No-one is in a better position to make individual decisions about feeding than the experienced neonatal nurse caring for an infant. Feeding policy and each infant’s nutrition should be managed jointly by nursing and medical staff, while empowering the neonatal nurse to make feeding management decisions when necessary.
Enteral feeding should be introduced gradually and increased with care. Tolerance should be assessed and, whenever possible, infants should be weighed and measured regularly. It is reasonable to begin with 0.5–1 ml/kg/h in a baby of less than 30 weeks’ gestation, increasing by 0.5–1 ml/kg every 6–12 h. In more mature babies, larger starting volumes and a faster rate of progress may be indicated. In a healthy baby, enteral feeds may be given at 75 ml/kg on day 1, 90 ml/kg on day 2, 120 ml/kg on day 3, 135 ml/kg on day 4 and 150 ml/kg on day 5, with subsequent increases up to a maximum of 180 ml/kg/day according to tolerance and growth rate. Preterm formula is usually given at 160 ml/kg/day and fortified breast milk at 160–180 ml/kg/day.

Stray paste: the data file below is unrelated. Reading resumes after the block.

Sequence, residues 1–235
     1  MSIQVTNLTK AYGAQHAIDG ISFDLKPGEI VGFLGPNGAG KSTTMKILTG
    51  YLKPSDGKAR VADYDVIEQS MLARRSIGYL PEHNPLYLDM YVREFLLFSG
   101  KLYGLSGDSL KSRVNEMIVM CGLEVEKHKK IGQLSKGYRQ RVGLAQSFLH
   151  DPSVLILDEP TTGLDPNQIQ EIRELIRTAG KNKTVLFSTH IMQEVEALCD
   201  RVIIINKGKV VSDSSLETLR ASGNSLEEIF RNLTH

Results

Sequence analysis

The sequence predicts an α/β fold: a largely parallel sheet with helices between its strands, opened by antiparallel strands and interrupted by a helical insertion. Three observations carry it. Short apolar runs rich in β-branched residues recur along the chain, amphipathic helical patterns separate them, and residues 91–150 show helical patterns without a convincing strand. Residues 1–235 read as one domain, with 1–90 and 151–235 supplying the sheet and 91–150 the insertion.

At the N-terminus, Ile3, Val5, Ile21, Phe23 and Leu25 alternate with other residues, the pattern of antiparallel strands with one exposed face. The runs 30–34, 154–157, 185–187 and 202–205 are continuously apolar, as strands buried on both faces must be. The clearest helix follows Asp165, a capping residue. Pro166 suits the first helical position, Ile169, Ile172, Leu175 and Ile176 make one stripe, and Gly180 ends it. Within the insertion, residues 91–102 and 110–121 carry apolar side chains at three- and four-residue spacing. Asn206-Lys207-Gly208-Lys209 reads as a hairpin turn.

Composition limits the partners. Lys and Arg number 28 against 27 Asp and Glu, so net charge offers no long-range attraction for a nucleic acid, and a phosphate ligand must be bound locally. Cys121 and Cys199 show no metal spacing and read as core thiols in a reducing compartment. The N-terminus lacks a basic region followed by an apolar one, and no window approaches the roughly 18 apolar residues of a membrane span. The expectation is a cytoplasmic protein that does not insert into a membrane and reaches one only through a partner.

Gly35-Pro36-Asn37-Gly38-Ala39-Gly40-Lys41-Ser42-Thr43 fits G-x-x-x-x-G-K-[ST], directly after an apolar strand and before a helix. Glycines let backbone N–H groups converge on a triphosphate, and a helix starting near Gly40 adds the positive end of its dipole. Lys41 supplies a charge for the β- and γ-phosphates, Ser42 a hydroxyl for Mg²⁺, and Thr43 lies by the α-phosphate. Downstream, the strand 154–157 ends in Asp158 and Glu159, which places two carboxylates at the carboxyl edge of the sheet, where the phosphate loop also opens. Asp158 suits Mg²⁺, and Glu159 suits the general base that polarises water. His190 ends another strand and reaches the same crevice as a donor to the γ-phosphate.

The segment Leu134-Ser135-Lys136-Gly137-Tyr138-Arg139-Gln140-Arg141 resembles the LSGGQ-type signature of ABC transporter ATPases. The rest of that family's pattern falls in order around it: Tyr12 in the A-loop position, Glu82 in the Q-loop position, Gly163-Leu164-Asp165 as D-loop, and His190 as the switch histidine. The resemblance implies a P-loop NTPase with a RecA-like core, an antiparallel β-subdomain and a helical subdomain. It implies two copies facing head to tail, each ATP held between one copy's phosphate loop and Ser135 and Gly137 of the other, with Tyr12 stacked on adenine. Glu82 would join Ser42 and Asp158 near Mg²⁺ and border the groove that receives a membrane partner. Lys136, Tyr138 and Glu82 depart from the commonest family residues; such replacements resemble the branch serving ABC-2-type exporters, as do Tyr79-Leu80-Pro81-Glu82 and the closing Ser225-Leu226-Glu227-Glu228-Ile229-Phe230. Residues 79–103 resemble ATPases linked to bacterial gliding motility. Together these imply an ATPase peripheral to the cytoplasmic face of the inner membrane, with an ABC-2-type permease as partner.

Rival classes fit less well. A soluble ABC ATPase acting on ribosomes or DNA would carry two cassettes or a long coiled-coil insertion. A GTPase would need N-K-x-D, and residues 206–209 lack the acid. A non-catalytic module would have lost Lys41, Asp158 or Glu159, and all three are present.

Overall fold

Full nipple feeding from breast or bottle depends upon maturity and health. In most it is achieved at a postmenstrual age of 34–37 weeks.
Source: Forfar and Arneil’s Textbook of Pediatrics, 7E